DVE ON HIATUS

Help for Syrian Civilians

Dear Virtual Editor,

You will not be hearing from me again until January— for the best of reasons.  It appears that my book on Canada’s involvement in other people’s wars has found a publisher.  The only problem is that I have not yet finished writing it!  Fear not, I will be back in touch to urge everyone to throw out Republicans in 2014.  The “off year” elections this time will be far more important than those in 2016.  Meanwhile, two farewell matters:

Help for Syrian Civilians

All of us who still have a sense of community know that there are two difficulties with donating to worthy causes.  The first is choosing among the many good ones that seek our help.  Once we have been identified by them, we can rely on never again logging on to an empty Inbox.  The second problem is trying to make sure that our money actually gets to those we wish to help.  The decision on the first problem is yours, but I have the answer on the second if you choose to help Syrian civilians.

Syria1Julie Angus, a Syrian-Canadian, and her husband were named National Geographic Adventurers of the Year in 2006. Their exploits included rowing together across the Atlantic Ocean.  She is one determined person, and so is her father, Dr. Saren Azer, who lives here in British Columbia.  Both were cut off from family members in Syria in 2011, but Dr. Azer found his way back to volunteer at the Domiz camp, just inside Iraq from Syria.

We have all seen enough pictures of wide eyed skeletal children.  I am not going there, but here is a brief description. The camp was built for 12,000 and currently houses 80,000+, who live in tents on two square kilometers. Two thirds of the refugees are children. Medical supplies ran out several weeks ago.  Julie and Dr. Azer are beating the drum for support that will produce a shipment of medical supplies—physician travel packs, each with enough medicine for 600 treatments. He can get $6000 worth of medicine in each pack for $575. The goal is 50 packs.   Importantly for us, we know for sure exactly where our contribution to purchase the supplies will go and how it will be used.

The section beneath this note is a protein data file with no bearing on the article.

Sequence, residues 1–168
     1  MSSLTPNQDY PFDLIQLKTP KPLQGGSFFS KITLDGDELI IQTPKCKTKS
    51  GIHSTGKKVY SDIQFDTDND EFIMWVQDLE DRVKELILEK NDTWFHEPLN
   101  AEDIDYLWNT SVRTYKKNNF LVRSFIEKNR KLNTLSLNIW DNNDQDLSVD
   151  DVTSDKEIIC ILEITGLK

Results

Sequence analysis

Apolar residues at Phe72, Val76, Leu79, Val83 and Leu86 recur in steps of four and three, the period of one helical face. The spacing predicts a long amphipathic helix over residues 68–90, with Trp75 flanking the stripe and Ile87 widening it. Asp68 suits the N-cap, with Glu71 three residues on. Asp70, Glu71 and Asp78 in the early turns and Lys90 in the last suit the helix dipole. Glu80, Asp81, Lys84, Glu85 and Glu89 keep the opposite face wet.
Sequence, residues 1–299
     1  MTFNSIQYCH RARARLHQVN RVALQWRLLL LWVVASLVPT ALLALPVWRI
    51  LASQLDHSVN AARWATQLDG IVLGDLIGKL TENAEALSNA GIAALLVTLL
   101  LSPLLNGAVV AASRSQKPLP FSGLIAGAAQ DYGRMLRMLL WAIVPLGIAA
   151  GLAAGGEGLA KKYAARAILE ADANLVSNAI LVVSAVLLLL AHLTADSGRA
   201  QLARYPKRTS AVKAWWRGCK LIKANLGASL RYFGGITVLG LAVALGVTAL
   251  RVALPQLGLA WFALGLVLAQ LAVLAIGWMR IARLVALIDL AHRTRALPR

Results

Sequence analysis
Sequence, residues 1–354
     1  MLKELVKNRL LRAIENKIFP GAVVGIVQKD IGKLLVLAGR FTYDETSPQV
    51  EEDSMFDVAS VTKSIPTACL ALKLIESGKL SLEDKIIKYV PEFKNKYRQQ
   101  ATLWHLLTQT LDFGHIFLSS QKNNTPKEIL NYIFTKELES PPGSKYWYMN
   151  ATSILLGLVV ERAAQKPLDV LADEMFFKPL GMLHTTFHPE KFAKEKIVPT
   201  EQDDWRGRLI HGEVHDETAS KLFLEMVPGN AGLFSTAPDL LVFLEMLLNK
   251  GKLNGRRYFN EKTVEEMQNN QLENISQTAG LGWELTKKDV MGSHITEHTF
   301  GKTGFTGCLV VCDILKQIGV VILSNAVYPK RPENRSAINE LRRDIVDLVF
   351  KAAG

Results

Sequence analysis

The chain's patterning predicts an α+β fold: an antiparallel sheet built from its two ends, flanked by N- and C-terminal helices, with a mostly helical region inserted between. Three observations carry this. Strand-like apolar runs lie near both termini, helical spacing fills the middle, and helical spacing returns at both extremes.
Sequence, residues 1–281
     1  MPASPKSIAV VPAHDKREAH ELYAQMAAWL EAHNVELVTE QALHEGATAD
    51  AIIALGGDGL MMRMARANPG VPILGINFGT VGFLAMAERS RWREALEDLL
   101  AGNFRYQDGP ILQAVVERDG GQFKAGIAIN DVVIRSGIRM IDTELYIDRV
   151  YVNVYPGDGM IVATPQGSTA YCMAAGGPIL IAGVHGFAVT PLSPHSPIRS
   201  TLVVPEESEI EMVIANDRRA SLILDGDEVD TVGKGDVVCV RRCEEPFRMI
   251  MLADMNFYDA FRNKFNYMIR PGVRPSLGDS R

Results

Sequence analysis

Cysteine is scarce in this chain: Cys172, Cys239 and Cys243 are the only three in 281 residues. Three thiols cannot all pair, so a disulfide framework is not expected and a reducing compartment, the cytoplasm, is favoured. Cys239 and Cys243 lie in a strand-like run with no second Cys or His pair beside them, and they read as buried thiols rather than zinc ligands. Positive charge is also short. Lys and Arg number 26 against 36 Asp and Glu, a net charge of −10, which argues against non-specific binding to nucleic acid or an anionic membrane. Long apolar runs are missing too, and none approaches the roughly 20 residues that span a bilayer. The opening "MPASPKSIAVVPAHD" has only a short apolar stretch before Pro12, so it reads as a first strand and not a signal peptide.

Please go to www.peaceandhumanrights.org  and learn how you can help.  I find that the project’s credibility is further enhanced by the very basic method of fund raising. The banks don’t even get a cut. You have to donate by sending them a check!  Anyone so enthused by this plea that they cannot wait can send the check right now to: Health Partners International, Canada, ISPR, 162 Manor Place, Comox BC V9M 1C6, Canada.


R.I.P. The Last Moderate Republican?

Dear Virtual Editor,

1oh1aI.AuSt.156James E. Holshouser Jr. died in June.  Elected in 1972, he was the first Republican Governor in NC since Reconstruction.  In 1975, the Cumberland County Bar Association sent two names to the Governor to fill a vacant judgeship on the Superior Court. Mine was one of the names and my brother-in-law at the time was Vice Chair of the national Republican Party. Holshouser chose the other guy, who went on to be an outstanding judge. Here are just a few reasons I have no difficulty forgiving the good Governor.

Holshouser believed in early childhood education and established the first statewide kindergarten system. He pushed a capital improvement campaign for community colleges. After leaving office, he served on the board of the Southern Regional Literacy Commission and other related organizations.

Holshouser-InnaugurationHolshouser won office in the same election that brought the lamentable Jesse Helms to the U.S. Senate. You remember Helms, the NC version of everyone’s funny uncle that it was best to keep out of sight when visitors came.  (After hiatus, I may tell you about my personal interactions with Helms.) But you would never know that Helms and Holshouser were members of the same party. I did not agree with some of what the Governor did, but I never heard from him any of the race baiting, fear-mongering, or poor-bashing that was the Senator’s stock in trade.

Today’s NC Republicans could use some of the education, not to mention literacy, that Holshouser helped make available to them.  Even more, they would do well to emulate his absence of mean spirit.  But perhaps he was the last moderate Republican. The current crop has taken the Helms model to a new level, from rhetoric to legislation.

In truth, I was way too far left for even a moderate Republican to appoint to the court. I especially do not hold a grudge because I know that the current office holder would not only do the same as Holshouser, he would probably go on to tap my phone!

Finally, I have to confess that I remember this last moderate Republican fondly in part because we both had the benefit of an excellent education. He was a mere nine years ahead of me at UNC Law School, the institution that Helms would have dearly loved to see closed down. The current legislature is working on that also. I hear Plan B is to rename it Bob Jones University—North Campus.

See you in January.


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